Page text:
Students around the country will receive their Preliminary Scholastic Aptitude Test (PSAT)® scores in the next few weeks. When I took the PSAT, in the days when dinosaurs (along with Ronald Reagan, Michael Jackson, and Magnum, P.I.) ruled the earth, a college-bound student’s world was different:
- We only took the test once–in 11th grade, as part of the National Merit Scholarship competition.
- We took it on Saturday.
- There was no direct preparation in school.
Today, high schools often offer the test for 9th, 10th, and 11th grade students. Freshmen and sophomores take the PSAT to help them prepare for their junior year attempt, which is still the score that counts for National Merit consideration. In many cases, high schools actually pay for all of their students in certain grades to take the test, and it has become common to offer the test during weekday school hours and to align some instruction with the form and content of the test.
A Great Investment. As an educator and as a dad, my advice is for students to take the test all 3 years, if possible. In exchange for a relatively small fee (currently $15, although schools are permitted to add a small additional fee to cover administration costs if they choose), and a few hours of their time, kids receive great value:
- Scores that predict their current readiness for the Scholastic Aptitiude Test (SAT)®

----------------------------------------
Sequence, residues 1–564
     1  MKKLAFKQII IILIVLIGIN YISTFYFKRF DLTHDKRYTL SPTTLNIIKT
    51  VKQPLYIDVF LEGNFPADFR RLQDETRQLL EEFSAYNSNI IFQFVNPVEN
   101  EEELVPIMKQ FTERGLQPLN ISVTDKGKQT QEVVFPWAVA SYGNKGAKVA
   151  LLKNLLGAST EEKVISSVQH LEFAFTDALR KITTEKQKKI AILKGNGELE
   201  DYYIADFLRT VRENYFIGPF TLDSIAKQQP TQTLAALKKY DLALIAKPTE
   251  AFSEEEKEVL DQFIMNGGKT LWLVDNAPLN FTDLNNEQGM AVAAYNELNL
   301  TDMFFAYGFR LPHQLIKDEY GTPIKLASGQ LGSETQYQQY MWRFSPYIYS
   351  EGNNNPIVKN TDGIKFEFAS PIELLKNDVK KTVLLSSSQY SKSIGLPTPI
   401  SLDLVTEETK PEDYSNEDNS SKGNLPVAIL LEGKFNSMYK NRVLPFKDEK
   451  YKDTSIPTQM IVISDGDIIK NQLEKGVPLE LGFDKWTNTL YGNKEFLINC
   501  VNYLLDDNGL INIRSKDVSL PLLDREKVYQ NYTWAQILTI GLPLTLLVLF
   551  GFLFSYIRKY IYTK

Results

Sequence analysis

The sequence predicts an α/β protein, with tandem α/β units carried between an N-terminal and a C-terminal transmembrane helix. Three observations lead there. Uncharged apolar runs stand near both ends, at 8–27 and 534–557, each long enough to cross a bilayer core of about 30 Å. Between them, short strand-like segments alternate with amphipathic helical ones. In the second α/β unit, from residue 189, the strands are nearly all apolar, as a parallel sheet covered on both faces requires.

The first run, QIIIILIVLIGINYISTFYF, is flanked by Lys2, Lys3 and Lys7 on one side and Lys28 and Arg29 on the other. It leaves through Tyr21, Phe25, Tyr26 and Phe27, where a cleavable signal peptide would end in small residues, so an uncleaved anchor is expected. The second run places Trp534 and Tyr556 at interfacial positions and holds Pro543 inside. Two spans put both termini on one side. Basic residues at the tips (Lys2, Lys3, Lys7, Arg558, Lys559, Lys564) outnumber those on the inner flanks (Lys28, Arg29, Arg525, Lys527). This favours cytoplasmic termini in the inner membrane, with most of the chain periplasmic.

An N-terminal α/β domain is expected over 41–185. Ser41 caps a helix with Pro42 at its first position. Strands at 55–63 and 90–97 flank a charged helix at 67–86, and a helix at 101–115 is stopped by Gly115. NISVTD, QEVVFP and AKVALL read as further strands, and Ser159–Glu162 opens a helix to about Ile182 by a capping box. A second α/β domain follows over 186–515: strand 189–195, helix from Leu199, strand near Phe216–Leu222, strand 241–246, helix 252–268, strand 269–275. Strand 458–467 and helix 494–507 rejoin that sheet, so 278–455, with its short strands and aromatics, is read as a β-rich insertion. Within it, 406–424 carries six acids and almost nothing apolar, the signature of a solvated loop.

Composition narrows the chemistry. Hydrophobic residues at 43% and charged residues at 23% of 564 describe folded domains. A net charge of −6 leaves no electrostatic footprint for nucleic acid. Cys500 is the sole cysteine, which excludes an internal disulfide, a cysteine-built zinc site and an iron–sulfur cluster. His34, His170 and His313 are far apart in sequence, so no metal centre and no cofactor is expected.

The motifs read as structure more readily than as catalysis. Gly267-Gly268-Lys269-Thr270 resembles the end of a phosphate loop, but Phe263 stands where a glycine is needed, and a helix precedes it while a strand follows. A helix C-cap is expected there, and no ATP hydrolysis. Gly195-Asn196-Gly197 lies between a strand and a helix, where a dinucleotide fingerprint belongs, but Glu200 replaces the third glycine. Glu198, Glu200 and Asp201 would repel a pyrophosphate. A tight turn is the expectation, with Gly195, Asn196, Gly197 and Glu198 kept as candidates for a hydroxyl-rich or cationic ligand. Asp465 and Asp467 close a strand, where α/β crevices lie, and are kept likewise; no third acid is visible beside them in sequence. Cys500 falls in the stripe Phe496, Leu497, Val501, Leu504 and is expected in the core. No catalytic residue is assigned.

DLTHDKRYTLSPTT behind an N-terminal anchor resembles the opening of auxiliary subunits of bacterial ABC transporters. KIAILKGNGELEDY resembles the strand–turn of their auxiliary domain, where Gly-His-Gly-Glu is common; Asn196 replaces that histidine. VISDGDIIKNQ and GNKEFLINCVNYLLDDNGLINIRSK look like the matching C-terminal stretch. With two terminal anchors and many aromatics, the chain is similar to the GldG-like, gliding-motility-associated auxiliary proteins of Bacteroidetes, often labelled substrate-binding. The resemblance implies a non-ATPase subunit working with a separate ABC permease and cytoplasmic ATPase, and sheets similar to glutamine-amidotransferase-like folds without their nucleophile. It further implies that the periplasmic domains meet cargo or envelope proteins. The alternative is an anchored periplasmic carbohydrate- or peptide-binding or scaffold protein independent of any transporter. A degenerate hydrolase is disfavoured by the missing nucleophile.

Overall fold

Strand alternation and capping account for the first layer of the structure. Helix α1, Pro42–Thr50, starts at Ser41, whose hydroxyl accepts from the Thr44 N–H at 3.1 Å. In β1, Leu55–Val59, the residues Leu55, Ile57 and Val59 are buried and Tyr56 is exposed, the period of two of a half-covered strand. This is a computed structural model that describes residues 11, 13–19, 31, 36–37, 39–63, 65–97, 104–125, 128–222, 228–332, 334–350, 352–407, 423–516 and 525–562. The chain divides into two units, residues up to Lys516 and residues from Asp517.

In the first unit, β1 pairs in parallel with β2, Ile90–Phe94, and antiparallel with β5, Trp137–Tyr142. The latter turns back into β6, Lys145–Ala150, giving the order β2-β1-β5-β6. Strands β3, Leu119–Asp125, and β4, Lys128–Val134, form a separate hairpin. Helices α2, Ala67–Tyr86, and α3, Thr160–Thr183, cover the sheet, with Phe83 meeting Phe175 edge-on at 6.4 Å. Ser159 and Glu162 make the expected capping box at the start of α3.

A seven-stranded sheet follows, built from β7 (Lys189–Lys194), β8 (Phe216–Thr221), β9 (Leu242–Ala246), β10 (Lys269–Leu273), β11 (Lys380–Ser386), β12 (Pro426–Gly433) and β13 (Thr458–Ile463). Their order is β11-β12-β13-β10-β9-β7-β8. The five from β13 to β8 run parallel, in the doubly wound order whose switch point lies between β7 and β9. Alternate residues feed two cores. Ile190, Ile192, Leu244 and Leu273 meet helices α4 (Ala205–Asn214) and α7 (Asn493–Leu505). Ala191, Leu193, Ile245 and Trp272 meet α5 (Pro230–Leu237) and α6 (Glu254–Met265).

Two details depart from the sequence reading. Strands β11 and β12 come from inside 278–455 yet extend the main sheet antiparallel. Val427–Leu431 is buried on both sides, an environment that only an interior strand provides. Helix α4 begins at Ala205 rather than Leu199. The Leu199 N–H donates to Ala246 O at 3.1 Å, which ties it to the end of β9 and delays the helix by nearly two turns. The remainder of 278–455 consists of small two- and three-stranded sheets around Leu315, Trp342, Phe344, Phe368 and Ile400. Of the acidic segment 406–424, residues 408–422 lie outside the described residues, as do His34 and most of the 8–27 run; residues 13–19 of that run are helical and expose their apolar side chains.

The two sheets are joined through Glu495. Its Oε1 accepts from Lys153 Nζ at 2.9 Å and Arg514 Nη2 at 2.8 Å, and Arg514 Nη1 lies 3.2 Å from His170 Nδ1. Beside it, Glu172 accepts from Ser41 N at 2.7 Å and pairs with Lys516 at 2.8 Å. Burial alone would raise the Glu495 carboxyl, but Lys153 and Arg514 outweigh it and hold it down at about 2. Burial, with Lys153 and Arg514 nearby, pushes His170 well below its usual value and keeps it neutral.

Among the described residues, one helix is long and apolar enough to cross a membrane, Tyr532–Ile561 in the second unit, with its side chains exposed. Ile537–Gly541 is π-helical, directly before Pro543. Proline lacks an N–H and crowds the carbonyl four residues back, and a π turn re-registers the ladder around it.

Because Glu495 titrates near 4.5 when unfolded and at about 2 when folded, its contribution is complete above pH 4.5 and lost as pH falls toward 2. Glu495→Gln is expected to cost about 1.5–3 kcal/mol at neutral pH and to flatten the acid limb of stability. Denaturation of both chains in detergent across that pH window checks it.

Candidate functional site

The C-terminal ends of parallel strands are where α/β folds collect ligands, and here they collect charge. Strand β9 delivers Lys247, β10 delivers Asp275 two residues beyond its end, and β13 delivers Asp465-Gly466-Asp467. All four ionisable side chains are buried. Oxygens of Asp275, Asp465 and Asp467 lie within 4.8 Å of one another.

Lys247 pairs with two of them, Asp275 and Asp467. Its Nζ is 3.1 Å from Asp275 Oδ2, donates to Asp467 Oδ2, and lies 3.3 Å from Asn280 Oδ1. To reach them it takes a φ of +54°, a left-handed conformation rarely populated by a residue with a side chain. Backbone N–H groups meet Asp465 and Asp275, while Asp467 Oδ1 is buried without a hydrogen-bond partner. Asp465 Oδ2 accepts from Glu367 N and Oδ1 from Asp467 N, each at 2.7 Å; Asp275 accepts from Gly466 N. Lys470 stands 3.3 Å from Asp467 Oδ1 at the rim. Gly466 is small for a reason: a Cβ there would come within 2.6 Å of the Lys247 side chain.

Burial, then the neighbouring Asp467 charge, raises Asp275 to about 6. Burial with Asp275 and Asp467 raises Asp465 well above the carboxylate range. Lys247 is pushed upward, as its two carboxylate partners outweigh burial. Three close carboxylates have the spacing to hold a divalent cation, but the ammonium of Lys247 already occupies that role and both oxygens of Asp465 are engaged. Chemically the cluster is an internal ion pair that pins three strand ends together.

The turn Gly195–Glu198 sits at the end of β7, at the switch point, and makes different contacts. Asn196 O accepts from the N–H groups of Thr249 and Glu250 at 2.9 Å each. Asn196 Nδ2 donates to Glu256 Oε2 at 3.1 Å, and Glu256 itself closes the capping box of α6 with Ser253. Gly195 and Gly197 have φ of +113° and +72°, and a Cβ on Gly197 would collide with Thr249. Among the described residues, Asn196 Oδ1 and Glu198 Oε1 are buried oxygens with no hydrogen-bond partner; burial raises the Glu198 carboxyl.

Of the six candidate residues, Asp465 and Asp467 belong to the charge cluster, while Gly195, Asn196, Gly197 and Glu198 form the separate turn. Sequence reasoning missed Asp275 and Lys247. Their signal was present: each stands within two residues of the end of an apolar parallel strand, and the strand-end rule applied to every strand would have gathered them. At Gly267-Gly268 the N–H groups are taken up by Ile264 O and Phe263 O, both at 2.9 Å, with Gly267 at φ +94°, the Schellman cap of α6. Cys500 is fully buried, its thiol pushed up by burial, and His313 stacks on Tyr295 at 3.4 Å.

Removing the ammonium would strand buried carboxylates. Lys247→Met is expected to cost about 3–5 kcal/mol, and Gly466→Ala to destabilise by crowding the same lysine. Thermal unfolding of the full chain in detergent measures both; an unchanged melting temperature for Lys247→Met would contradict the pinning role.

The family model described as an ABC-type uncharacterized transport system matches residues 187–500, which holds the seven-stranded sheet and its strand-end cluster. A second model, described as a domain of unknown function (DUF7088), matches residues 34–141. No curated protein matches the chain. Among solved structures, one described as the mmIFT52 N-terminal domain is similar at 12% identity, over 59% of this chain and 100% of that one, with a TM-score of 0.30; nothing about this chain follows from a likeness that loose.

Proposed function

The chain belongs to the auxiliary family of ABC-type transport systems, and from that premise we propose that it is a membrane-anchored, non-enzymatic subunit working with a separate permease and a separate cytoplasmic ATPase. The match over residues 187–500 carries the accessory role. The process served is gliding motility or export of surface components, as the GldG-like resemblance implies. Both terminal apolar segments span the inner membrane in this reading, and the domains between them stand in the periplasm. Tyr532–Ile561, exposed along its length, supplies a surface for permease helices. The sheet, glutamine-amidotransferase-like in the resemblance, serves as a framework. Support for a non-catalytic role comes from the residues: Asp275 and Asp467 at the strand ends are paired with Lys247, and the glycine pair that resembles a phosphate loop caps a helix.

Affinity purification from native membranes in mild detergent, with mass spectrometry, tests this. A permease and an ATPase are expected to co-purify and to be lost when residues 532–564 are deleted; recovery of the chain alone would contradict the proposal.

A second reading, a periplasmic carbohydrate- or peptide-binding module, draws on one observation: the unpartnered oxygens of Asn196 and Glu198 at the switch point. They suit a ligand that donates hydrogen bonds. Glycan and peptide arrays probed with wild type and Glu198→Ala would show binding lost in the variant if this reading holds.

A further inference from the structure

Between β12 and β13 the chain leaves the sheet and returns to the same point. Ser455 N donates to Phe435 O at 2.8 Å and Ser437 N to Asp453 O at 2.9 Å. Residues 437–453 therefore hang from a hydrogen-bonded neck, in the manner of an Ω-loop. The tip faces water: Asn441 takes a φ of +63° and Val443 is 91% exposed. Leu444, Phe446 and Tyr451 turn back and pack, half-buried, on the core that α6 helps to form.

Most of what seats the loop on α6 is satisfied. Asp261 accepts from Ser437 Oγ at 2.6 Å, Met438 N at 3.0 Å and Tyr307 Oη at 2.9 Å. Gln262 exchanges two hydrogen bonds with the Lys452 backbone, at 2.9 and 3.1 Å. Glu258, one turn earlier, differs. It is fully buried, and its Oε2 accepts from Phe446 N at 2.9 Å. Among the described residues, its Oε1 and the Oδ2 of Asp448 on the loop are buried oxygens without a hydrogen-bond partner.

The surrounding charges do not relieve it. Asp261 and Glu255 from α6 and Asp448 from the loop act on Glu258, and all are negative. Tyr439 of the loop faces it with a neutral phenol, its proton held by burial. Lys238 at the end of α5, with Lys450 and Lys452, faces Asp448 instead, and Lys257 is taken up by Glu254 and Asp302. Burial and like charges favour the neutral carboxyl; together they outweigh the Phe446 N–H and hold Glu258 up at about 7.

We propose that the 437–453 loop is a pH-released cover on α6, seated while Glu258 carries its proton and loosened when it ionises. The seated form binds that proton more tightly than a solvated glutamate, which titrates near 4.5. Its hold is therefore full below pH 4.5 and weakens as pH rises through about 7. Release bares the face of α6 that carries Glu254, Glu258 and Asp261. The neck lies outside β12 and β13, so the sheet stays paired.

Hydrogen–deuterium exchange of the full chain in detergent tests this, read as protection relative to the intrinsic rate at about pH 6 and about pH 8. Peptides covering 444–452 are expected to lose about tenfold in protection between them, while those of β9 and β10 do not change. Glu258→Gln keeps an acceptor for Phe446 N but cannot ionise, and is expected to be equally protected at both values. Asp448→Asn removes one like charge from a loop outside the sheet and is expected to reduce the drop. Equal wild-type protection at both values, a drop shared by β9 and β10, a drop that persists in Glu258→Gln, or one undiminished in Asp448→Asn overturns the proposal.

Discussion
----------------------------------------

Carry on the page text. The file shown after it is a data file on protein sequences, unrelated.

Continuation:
- Some of the most detailed feedback offered through any standardized test, as they receive their original test booklets along with score sheets listing their answers & the correct answers
- The opportunity to receive advertising and recruitment mail from dozens of colleges based upon test performance & geography
In addition, after taking the PSAT in October of their junior year, students with the highest scores in each state are notified that they have qualified as National Merit ‘Commended,’ ‘Semi-finalist,’ or ‘Finalist.’
Like any standardized test, the PSAT has its own ‘scaled’ scores. These scores offer predictions of the student’s performance on the SAT. But I encourage students to focus on percentile scores to evaluate their strengths and areas for growth. Percentiles are much easier for most students to visualize, and they simplify comparisons between completely different types of test.
Junior Moments. Our 16 year old daughter took the test in 10th grade and again this year as a junior–her school does not offer a 9th grade administration. I learned long ago that when she sinks her teeth into a project my best option may be to stay out of her way. So over the last 2 summers she has spent time working through an old PSAT prep book from my classroom teaching days–her choice, because she wanted to take her absolute best shot at her 11th grade PSAT. In another couple of weeks she, and over a million other students, will find out just how well she did.
Note: DadKnowsBetter received no compensation of any kind related to this post. The opinions expressed here are my own.